Focused ABA refers to treatment provided directly to the client for a limited number of behavioral targets. It is not restricted by age, cognitive level, or co-occurring conditions.
Focused ABA generally ranges from 10-25 hours per week of direct treatment (plus direct and indirect supervision and caregiver training). However, certain programs for severe destructive behavior may require more than 25 hours per week of direct therapy (for example, day treatment or inpatient program for severe self-injurious behavior).
Focused ABA treatment may involve increasing socially appropriate behavior (for example, increasing social initiations) or reducing problem behavior (for example, aggression) as the primary target. Even when reduction of problem behavior is the primary goal, it is critical to also target increases in appropriate alternative behavior, because the absence of appropriate behavior is often the precursor to serious behavior disorders. Therefore, individuals who need to acquire skills (for example, communication, tolerating change in environments and activities, self-help, social skills) are also appropriate for Focused ABA. Focused ABA plans are appropriate for individuals who (a) need treatment only for a limited number of key functional skills or (b) have such acute problem behavior that its treatment should be the priority.
Examples of key functional skills include, but are not limited to, establishing instruction-following, social communication skills, compliance with medical and dental procedures, sleep hygiene, self-care skills, safety skills, and independent leisure skills (for example, appropriate participation in family and community activities). Examples of severe problem behaviors requiring focused intervention include, but are not limited to, self-injury, aggression, threats, pica, elopement, feeding disorders, stereotypic motor or vocal behavior, property destruction, noncompliance and disruptive behavior, or dysfunctional social behavior.
When prioritizing the order in which to address multiple treatment targets, the following should be considered:
- Behavior that threatens the health or safety of the client or others or that constitute a barrier to quality of life (for example, severe aggression, self-injury, property destruction, or noncompliance);
- Absence of developmentally appropriate adaptive, social, or functional skills that are fundamental to maintain health, social inclusion, and increased independence (for example, toileting, dressing, feeding, and compliance with medical procedures).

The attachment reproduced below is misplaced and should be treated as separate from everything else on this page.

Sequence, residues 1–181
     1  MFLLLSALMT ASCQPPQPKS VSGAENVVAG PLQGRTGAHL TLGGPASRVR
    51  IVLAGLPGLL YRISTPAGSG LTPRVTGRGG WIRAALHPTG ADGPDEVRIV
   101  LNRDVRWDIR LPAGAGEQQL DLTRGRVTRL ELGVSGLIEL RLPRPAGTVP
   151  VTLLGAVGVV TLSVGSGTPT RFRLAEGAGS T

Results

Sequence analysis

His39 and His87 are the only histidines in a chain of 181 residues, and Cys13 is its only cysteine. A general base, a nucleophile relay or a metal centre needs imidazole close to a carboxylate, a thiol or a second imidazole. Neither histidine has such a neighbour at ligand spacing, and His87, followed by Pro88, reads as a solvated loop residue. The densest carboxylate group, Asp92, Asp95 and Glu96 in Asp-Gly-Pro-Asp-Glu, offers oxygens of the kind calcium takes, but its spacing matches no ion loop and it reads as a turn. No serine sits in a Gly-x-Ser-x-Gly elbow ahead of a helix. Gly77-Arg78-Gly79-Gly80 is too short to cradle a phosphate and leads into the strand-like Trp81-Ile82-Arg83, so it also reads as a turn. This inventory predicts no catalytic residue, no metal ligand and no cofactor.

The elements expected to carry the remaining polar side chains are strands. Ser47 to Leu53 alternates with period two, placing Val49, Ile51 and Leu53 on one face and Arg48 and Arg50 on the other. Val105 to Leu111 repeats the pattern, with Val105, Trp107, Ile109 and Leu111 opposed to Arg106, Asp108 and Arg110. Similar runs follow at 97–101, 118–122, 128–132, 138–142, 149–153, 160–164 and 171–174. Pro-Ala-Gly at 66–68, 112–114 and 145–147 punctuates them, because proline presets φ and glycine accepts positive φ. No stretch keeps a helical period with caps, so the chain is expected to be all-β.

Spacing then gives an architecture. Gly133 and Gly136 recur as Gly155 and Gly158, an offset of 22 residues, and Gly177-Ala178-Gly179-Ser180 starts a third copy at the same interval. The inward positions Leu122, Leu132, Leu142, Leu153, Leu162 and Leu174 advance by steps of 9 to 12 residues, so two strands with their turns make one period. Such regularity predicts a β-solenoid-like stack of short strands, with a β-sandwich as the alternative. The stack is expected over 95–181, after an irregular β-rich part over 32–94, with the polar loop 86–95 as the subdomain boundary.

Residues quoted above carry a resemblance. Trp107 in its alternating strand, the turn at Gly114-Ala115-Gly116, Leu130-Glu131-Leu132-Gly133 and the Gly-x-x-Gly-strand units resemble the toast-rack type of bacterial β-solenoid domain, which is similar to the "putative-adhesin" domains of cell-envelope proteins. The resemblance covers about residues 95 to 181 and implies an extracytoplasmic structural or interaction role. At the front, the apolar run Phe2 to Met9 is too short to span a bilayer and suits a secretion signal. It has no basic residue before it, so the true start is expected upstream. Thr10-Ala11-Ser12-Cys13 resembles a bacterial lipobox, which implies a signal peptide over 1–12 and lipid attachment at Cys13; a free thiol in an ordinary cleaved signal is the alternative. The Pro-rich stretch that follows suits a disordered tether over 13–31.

When the focus of treatment involves increasing socially appropriate behavior, treatment may be delivered in either an individual or small-group format. When conducted in a small group, typically developing peers or individuals with similar diagnoses may participate in the session. Members of the behavior-analytic team may guide clients through the rehearsal and practice of behavioral targets with each other. As is the case for all treatments, programming for generalization of skills outside the session is critical.
When the focus of treatment involves the reduction of severe problem behavior, the Behavior Analyst will determine which situations are most likely to precipitate problem behavior and, based on this information, begin to identify its potential purpose (or “function”). This may require conducting a functional analysis procedure to empirically demonstrate the function of the problem behavior. The results enable the Behavior Analyst to develop the most effective treatment protocol. When the function of the problem behavior is identi ed, the Behavior Analyst will design a treatment plan that alters the environment to reduce the motivation for problem behavior and/or establish a new and more appropriate behavior that serves the same function and therefore “replaces” the problem behavior.
In some cases, individuals with ASD display co-occurring severe destructive behavior disorders that require focused treatment in more intensive settings, such as specialized intensive-outpatient, day- treatment, residential, or inpatient programs. In these cases, these behavior disorders are given separate and distinct diagnoses (for example, Stereotypic Movement Disorder with severe self- injurious behavior). The ABA services delivered in these settings typically require higher staff-to-client ratios (for example, 2 to 3 staff for each client) and close on-site direction from the Behavior Analyst. In addition, such treatment programs often have specialized treatment environments (for example, treatment rooms designed for observation and to keep the client and the staff as safe as possible).